Last summer – the corn crop experienced more stress from the drought – resulting in small root masses and heavy corn rootworm pressure – but even in the cool, wet conditions most of the Midwest experienced this spring – corn rootworm is still possible. That’s why the National Corn Growers Association suggests farmers scout sooner rather than later – since August marks the peak of adult corn rootworm activity. Fields should be scouted for corn rootworm beetles regularly and sampled weekly. Farmers should randomly select 10 to 25 locations within the field and count the total number of beetles on at least two plants in each location – leaving the minimum number of plants sampled between 20 and 50.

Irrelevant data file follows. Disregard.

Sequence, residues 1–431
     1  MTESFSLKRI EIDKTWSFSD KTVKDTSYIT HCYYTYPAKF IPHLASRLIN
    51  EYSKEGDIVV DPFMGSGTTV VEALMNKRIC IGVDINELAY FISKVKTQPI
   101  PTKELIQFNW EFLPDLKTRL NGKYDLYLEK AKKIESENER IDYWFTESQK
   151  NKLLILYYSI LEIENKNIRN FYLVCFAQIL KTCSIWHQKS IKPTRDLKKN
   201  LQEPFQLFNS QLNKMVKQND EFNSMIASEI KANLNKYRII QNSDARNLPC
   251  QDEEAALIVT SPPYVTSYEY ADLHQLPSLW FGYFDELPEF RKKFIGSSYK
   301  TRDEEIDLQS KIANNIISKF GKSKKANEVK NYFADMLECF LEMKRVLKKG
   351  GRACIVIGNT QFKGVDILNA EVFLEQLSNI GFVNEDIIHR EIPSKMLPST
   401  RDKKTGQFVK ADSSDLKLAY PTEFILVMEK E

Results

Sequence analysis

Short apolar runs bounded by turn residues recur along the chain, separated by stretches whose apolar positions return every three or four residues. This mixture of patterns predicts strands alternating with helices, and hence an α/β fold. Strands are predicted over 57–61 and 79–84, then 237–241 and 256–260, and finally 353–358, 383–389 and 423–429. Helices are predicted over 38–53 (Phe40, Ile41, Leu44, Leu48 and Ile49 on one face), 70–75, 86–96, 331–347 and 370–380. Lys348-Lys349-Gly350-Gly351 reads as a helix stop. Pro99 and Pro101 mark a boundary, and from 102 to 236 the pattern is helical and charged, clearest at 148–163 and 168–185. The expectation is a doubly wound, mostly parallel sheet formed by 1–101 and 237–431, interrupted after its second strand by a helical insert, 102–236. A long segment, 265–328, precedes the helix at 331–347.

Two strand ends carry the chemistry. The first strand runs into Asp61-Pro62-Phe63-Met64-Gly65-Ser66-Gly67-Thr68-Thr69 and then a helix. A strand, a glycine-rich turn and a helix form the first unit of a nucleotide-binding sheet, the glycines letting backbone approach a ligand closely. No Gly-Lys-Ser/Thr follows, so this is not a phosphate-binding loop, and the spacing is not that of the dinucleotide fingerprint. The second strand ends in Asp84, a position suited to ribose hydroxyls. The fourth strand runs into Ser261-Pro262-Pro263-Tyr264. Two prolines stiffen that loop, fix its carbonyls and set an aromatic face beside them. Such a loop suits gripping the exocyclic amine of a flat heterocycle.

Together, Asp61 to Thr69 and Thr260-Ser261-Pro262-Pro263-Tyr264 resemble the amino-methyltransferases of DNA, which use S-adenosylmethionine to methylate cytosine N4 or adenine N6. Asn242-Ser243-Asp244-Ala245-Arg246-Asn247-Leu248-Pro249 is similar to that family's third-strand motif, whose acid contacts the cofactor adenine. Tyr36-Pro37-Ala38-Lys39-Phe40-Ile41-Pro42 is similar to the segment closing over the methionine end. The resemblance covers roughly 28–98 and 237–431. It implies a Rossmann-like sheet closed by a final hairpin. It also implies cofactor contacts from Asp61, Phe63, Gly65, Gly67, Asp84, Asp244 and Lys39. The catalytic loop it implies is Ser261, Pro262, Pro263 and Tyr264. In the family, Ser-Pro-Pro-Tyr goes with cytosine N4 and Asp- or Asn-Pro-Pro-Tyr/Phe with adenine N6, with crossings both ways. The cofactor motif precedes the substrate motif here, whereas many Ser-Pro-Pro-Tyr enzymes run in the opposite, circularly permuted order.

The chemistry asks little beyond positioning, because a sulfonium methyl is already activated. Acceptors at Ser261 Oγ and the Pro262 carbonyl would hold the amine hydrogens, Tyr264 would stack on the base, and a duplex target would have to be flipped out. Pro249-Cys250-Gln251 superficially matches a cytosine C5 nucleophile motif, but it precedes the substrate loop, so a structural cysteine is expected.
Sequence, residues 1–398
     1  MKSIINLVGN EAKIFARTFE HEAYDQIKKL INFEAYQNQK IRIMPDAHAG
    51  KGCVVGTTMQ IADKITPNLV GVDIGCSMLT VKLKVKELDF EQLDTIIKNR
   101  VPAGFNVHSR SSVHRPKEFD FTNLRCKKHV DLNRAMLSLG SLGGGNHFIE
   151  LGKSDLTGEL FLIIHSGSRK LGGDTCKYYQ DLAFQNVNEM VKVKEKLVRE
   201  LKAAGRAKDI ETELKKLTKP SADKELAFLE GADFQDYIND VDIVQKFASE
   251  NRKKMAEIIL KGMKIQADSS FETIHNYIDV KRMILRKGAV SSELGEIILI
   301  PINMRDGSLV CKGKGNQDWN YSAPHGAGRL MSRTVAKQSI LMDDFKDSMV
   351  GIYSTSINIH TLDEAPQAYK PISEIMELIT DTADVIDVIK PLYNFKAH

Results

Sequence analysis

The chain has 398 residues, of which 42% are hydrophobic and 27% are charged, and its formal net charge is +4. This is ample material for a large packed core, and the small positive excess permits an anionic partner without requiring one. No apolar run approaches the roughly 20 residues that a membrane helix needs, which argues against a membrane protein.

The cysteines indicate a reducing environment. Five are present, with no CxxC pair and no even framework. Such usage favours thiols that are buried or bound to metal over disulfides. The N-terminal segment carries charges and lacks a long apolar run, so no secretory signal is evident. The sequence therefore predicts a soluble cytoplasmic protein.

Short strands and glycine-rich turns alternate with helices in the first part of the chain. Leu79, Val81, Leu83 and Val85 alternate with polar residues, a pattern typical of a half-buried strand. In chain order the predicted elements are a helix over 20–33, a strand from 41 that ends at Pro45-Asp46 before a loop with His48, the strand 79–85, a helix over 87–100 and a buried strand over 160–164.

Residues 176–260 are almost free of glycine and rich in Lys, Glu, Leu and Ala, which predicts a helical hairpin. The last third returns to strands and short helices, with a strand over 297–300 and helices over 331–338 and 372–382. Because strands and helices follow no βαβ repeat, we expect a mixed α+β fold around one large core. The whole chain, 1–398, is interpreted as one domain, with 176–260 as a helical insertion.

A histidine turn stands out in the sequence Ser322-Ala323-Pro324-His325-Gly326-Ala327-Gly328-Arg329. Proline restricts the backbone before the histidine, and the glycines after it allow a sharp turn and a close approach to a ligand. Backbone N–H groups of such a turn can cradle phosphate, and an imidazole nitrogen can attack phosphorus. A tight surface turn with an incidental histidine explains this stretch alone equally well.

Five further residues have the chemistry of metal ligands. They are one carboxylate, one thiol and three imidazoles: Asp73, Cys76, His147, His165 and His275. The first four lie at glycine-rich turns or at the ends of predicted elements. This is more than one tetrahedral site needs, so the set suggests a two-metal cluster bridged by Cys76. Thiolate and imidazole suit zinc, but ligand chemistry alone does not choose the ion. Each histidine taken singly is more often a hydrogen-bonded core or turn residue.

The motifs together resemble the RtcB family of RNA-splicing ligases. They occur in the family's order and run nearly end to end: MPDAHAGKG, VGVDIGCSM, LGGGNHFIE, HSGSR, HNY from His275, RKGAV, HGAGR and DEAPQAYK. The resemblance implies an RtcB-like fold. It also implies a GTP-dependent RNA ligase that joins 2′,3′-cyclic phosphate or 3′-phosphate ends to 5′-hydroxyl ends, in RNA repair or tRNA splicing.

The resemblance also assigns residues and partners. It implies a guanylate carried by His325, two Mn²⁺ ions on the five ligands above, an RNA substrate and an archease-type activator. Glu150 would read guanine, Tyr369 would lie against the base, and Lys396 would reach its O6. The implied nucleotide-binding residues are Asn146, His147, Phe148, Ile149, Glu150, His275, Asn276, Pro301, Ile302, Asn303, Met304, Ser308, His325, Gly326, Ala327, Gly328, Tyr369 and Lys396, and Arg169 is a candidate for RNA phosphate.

In between beetle counts – farmers should collect beetles to determine the number of males and females in a sample. By scouting in-season, using the correct corn trait package and following appropriate crop rotation strategies – farmers can be effective in controlling corn rootworm, protect their personal crop investment and optimize yield.
Source: NAFB News Service